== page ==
Space.com has an informative piece about the long history of debate over life on other planets, and early attempts to contact possible alien civilisations. It’s an area a lot of people are surprised by – many seem to think the idea of life on other planets must be a relatively new concept. In fact, as the article points out, the “plurality of worlds” was a hot topic in the 16th century.
As the Space.com article points out as well, techniques used in the search for ETI have largely been dictated by the technology of the times:
The desire to contact intelligent life on other planets is much older than the UFO craze and the SETI movement. Several 19th century scientists contemplated how we might communicate with possible Martians and Venusians.
These early proposals – which predate by 150 years the first extraterrestrial message that was sent in 1974 – were based on visual signals, as the invention of radio was still decades away. In fact, as history shows, ideas for interplanetary communication have largely been driven by whatever the current technology allowed – be it lamps, radios or lasers.
“You go with what you know,” said Steven Dick, NASA Chief Historian.
There’s little discussion though of what this means for modern SETI – are we likely to look back in 50 years and think how archaic our thinking on this was, as new technology and means of communication are devised (just as radio was beyond the conceptual boundaries of people 150 years ago)?
Astrobiologist David Grinspoon covers much of this history in his excellent book Lonely Planets: The Natural Philosophy of Alien Life (which, unbelievably, seems to be out of print – though you can pick up a second hand copy cheap through Amazon), with liberal doses of humour. Grinspoon points that early arguments against alien life were often based simply on the Church’s belief, through Aristotle, of an Earth-centric universe surrounded by the untouchable heavens. Also:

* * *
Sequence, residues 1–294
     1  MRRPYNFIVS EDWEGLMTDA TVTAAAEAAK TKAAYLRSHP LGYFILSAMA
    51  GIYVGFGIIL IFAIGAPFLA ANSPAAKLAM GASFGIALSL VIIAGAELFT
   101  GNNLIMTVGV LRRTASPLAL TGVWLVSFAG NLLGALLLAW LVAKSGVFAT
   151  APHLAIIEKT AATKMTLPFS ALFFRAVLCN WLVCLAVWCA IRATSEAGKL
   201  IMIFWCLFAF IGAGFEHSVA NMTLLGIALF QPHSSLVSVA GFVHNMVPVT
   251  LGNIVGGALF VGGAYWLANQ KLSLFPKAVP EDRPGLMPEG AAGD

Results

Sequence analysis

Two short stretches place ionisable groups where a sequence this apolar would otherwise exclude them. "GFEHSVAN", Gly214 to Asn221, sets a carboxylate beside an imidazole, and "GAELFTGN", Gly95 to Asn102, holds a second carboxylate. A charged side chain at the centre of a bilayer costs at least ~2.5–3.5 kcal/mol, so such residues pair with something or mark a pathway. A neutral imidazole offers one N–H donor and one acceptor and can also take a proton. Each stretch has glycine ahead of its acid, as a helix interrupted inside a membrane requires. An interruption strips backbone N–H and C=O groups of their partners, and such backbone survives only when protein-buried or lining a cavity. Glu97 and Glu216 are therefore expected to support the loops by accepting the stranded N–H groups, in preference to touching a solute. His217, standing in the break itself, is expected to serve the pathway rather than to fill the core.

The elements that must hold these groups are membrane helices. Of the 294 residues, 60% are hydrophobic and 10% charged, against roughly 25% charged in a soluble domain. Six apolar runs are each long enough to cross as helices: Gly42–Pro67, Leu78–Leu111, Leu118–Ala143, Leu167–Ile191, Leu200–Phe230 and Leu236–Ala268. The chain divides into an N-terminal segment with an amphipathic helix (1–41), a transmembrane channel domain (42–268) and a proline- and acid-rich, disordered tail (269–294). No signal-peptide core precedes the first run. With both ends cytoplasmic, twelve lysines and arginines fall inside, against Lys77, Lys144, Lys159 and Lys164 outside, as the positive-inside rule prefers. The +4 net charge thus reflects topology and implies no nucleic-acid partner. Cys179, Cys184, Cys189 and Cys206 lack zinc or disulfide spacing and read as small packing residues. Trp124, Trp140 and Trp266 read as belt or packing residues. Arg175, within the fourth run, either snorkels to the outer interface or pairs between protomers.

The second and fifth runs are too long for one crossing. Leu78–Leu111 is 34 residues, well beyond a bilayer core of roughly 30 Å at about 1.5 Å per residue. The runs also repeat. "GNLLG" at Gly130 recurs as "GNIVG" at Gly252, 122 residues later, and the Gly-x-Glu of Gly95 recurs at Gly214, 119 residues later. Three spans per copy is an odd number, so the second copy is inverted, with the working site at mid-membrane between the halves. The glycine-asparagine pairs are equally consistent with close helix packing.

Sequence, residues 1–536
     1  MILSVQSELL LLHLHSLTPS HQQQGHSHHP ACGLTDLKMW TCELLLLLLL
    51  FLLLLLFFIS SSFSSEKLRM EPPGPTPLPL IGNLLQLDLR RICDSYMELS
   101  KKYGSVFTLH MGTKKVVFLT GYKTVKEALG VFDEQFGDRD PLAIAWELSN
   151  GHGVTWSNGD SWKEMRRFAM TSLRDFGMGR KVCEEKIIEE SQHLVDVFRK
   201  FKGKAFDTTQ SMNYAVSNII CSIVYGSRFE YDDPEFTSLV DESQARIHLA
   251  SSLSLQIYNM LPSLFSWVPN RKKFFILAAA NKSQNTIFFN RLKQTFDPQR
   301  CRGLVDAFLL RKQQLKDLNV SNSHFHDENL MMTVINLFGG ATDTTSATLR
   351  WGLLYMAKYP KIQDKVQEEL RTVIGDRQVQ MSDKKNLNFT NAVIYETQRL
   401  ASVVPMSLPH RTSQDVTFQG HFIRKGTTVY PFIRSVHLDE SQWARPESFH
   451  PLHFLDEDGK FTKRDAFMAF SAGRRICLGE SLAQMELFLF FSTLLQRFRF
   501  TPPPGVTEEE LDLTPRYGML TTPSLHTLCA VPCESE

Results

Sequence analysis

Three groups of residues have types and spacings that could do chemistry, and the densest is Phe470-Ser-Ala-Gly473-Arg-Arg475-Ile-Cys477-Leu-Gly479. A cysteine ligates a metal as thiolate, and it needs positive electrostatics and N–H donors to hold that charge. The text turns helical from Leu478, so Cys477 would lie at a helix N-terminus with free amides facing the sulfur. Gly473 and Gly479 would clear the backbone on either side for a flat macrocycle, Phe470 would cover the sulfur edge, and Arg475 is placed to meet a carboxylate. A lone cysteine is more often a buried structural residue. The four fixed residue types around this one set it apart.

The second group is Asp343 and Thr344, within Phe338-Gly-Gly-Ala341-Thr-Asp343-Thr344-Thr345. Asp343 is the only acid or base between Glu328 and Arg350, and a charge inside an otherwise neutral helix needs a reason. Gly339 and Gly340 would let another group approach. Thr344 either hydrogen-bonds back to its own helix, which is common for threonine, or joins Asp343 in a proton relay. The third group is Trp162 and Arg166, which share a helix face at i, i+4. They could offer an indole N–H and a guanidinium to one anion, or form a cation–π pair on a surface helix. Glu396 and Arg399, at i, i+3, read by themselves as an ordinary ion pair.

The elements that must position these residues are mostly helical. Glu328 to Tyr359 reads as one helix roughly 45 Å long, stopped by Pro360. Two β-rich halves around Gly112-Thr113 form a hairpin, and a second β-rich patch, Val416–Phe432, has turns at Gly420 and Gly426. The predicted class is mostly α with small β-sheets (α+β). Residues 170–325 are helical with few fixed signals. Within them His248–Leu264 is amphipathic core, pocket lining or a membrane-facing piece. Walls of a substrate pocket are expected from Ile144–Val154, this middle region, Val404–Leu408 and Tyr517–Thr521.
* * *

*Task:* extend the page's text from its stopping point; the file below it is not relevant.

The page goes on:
St. Augustine, widely recognized as one of the greatest thinkers in Christian antiquity, argued that if other worlds were inhabited by humanlike creatures, each would need a Savior, which was impossible because Christ was singular. Several scholars, however, found clever loopholes through which to admit intelligent extraterrestrials into a Christian universe. The most common argument was that other worlds would not need a redeemer because mankind’s sin was so original. More specifically, aliens could not be sons of Adam and did not inherit his sin, so they were off the hook.
Aristotle’s hold on the Christian imagination began to loosen when some scholars pointed out that a universe with only one world implied limits on the creative powers of God. In 1277, Etienne Tempier, the bishop of Paris, issued a proclamation declaring Aristotle’s terrestrial/celestial dichotomy a heresy. This precipitated a sea change in attitudes toward other worlds and alien life. Many Christian scholars began breaking from Aristotle, and numerous treatises were published arguing that God could make as many worlds as he damn well pleased. He is, after all, God.
Was the existence of alien life forbidden by the uniqueness of Christ’s incarnation or required by God’s omnipotence. In 1440 Nicholas of Cusa, a German ecclesiastic, wrote Of Learned Ignorance, a widely celebrated book that exuberantly rejected Aristotle’s hierarchical, Earth-centered cosmology, advocating in its place a universe bustling with life on every star. But Cusa was not scorned by the Church hierarchy for his belief in life elsewhere. On the contrary, after writing Of Learned Ignorance Cusa was made a cardinal. So why did the Church celebrate Cusa, and, 150 years later, condemn Galileo?
There are several reasons. First, Galileo was somewhat of a tactless boor – a quality often left out of the Galileo myth – and his obnoxiousness helped seal his fate.
Grinspoon also mentions Giordano Bruno’s role in ‘poisoning the waters’ prior to Galileo, by “encouraging the Church authorities to associate Copernicanism with flagrant anti-Christian agitation”.